On Monday, as Democrats trumpeted other vote counts that appeared to show there are enough votes in the House to pass a clean government funding bill, a number of lawmakers began to walk back previous statements.

Republican Rep. Devin Nunes of California was one of those lawmakers. After telling Huffington Post and others that he supported a government funding bill with no strings attached, his spokesman said Monday that "that was never the case."

"He does not support a clean CR, does not support it, does not advocate it," said Jack Langer, a spokesman for Nunes.

Republicans Leonard Lance of New Jersey and Randy Forbes of Virginia, who other news outlets report have supported a clean government funding bill, told CNN on Monday that they did not back the measure.

"Reports that Randy Forbes supports a 'clean' CR are not true," a Forbes said. "This was misrepresented in a story by the Virginian Pilot (newspaper), which subsequently was picked up by HuffPo and other national outlets – none of which bothered to contact our office to verify."

Instead, Forbes has introduced legislation that would fund all of the government except Obamcare, the aide said.

Not all Republicans moved away from voting for a government funding bill with no strings attached.

Late on Monday, Republican Rep. David Reichert of Washington said he would "continue to vote for any legislation that keeps the federal government open."

Likewise on Tuesday, Republican Rep. Mike Coffman of Colorado announced he supported a government funding bill with no strings attached in a Denver Post opinion-editorial and Republican Rep. Walter B. Jones of North Carolina said he wished the House "would pass a clean CR" during an interview with MSNBC.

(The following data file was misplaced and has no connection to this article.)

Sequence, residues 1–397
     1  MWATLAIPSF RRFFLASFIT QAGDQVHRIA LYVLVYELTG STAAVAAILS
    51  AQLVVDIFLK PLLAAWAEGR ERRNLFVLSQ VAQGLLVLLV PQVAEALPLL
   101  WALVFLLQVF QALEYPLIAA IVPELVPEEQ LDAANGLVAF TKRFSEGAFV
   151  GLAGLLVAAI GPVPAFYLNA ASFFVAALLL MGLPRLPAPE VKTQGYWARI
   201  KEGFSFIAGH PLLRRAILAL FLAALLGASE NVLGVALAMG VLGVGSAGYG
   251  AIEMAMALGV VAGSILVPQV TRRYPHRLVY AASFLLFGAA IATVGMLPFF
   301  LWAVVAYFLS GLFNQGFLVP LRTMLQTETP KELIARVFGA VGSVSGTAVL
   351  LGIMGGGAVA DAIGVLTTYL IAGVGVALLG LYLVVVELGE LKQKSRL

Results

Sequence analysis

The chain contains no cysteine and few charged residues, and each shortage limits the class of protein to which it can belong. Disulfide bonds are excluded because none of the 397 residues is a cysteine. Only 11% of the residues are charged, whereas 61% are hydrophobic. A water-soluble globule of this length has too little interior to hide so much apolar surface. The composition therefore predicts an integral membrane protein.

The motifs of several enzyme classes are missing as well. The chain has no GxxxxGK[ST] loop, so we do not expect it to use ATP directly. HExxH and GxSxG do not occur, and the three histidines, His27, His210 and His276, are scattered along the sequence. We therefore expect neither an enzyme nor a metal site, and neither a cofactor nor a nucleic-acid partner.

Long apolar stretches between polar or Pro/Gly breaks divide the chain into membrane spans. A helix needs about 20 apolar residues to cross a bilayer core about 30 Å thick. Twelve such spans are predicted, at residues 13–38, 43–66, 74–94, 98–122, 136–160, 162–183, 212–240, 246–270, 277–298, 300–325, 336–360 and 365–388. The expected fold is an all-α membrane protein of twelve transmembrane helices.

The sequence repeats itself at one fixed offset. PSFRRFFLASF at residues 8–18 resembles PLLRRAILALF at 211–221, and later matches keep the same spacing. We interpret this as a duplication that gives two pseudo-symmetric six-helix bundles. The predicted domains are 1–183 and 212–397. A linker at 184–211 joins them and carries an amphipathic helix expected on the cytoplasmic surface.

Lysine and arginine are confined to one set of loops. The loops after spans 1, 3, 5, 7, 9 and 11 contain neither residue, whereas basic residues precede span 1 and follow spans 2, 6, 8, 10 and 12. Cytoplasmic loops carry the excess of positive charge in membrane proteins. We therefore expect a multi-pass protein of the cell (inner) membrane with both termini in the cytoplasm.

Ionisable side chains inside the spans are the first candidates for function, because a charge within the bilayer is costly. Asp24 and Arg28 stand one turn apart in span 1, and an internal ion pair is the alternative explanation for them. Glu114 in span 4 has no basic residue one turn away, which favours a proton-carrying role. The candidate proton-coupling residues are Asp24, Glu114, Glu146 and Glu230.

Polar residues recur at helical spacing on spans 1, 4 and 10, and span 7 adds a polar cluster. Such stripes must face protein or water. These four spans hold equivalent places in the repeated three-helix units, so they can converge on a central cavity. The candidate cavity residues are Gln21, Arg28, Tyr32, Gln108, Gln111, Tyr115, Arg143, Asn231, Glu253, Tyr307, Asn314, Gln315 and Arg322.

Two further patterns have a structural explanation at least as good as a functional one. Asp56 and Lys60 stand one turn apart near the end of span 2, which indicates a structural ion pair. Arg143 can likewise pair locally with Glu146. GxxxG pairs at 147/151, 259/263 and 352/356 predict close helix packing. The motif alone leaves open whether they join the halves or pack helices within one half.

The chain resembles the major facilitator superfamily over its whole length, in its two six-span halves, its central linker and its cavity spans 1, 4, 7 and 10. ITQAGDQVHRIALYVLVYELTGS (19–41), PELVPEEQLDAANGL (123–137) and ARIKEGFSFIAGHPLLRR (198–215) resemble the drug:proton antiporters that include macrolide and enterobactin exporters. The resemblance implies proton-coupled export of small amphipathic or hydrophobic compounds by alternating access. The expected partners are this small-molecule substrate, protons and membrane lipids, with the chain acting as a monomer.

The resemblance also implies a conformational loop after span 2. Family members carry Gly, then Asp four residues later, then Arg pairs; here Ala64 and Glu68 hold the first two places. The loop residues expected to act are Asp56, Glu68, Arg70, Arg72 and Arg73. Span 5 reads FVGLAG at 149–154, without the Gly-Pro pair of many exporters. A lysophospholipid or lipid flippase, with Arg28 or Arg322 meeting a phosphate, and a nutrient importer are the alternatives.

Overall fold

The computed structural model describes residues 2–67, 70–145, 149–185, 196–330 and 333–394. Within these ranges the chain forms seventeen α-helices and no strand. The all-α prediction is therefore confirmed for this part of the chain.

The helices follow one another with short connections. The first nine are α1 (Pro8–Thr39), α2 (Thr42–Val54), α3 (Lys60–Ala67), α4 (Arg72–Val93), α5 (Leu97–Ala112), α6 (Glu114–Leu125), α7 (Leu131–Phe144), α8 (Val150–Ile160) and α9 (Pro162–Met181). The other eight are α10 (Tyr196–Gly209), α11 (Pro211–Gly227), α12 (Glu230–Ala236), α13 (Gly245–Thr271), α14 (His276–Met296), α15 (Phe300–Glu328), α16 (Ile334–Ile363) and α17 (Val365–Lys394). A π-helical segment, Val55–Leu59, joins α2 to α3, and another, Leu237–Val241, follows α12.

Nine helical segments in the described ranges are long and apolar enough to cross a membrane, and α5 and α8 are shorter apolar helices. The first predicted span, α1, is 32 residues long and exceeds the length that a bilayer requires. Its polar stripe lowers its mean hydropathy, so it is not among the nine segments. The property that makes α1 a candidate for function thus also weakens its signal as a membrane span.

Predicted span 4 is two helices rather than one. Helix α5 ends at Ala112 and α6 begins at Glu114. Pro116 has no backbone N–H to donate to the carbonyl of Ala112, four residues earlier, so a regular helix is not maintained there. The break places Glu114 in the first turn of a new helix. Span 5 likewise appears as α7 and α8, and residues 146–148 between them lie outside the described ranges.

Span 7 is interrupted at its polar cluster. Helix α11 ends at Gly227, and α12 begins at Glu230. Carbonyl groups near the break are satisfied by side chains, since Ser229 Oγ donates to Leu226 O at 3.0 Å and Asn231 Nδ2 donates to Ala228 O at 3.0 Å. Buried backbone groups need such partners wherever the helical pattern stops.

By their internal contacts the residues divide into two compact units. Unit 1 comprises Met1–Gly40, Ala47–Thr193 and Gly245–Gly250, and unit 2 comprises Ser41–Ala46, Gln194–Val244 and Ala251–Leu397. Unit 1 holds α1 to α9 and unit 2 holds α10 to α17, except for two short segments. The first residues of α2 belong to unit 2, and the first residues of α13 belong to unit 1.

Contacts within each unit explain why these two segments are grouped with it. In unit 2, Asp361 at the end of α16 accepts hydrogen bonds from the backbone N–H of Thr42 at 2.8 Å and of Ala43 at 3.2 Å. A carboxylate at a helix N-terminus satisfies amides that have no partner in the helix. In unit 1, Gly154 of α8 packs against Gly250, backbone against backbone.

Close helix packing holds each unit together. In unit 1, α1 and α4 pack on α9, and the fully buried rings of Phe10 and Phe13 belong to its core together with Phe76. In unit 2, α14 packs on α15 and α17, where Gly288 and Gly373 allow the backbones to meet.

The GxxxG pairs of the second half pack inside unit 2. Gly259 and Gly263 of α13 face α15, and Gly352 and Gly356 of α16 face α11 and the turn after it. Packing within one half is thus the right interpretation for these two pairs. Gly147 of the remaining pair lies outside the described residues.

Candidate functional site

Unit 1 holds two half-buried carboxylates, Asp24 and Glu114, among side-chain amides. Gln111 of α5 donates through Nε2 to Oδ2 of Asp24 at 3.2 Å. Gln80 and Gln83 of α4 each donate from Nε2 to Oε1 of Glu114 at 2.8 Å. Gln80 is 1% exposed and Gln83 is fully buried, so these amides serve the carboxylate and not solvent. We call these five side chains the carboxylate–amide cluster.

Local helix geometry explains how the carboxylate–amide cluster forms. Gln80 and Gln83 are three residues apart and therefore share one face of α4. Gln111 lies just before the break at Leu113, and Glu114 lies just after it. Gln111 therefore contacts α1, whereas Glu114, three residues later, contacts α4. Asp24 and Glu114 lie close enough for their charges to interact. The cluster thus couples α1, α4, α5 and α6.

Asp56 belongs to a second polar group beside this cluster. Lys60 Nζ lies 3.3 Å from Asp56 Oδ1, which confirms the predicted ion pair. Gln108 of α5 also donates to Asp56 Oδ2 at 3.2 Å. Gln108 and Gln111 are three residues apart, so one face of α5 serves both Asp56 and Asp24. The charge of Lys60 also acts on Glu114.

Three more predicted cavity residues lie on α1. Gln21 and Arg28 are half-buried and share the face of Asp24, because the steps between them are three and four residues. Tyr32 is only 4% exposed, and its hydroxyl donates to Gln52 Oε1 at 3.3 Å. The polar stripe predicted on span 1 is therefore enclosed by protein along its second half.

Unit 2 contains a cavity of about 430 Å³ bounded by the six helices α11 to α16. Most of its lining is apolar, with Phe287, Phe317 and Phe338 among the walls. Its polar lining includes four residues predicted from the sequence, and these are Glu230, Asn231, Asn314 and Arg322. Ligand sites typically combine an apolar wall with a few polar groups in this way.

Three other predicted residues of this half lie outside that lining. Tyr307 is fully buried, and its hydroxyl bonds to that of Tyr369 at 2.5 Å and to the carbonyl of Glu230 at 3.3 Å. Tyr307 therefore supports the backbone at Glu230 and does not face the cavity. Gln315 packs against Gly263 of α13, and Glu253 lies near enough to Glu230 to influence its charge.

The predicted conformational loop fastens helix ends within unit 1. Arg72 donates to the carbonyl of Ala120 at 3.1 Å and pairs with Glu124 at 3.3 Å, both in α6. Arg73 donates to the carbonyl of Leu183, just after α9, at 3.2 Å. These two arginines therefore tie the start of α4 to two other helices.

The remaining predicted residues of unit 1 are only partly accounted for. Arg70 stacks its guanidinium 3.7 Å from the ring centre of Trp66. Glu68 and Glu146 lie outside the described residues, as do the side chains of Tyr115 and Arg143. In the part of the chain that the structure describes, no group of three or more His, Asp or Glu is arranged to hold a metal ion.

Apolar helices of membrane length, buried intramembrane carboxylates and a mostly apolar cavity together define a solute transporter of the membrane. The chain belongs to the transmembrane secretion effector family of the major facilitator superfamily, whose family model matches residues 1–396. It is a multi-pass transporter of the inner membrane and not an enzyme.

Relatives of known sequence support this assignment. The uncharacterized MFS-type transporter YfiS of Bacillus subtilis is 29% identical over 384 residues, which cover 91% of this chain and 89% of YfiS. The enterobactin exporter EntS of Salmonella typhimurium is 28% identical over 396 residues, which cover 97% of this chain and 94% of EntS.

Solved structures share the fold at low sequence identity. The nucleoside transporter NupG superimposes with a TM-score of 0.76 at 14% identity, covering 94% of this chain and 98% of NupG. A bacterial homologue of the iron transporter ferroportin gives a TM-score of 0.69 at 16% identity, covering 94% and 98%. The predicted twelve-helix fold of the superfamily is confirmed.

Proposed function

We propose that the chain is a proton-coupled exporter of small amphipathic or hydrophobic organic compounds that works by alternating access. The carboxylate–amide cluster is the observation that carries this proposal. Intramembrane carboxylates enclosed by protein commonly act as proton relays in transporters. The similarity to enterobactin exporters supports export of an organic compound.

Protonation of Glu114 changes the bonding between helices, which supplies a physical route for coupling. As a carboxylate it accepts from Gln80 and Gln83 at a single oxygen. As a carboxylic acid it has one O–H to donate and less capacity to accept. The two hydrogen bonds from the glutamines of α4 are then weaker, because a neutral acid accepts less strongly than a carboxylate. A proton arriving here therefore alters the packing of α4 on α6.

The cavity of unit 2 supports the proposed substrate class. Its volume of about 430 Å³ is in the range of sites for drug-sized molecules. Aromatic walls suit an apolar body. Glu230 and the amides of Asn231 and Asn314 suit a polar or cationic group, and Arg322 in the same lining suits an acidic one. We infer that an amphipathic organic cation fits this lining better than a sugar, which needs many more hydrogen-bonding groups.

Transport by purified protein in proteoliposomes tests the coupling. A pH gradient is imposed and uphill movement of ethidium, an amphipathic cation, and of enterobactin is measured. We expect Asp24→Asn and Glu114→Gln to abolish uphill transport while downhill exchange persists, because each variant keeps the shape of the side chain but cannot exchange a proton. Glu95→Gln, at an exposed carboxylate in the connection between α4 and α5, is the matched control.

Other Republican members, like Rep. Mario Diaz-Balart of Florida, would not confirm a report from the Miami Herald that said the lawmaker would support a clean resolution.

"The president needs to sit down and negotiate with the speaker," Cesar Gonzalez, a spokesman for Diaz-Balart, said. "In the meantime, the congressman does not think it is wise to negotiate through the press."

The 19 Republicans who support a government funding bill with no strings attached are:

Walter B. Jones, R-North Carolina: Said during an interview with MSNBC that he wished the House "would pass a clean CR."

Mike Coffman, R-Colorado: Announced he supported a government funding bill with no strings attached in a Denver Post opinion-editorial.

Tim Griffin, R-Arkansas: "Tweeted the he would support a clean government funding bill."

Bill Young, R-Florida: A spokesman tells CNN that Young would support a clean government funding bill.

Dennis Ross, R-Florida: A spokeswoman told CNN Ross would support a one-year government funding bill at sequestration levels with no strings attached.

Mike Simpson, R-Idaho: Statement: "Similar to Sen. Rand Paul, I could support a very short-term clean CR, perhaps one or two weeks, while we continue to negotiate on a longer-term bill."

Frank LoBiondo, R-New Jersey: LoBiondo penned an editorial in the Philadelphia Inquirer that said he supported a clean government funding bill.

Jon Runyan, R- New Jersey: Runyan penned an editorial in the Philadelphia Inquirer that said he supported a clean government funding bill.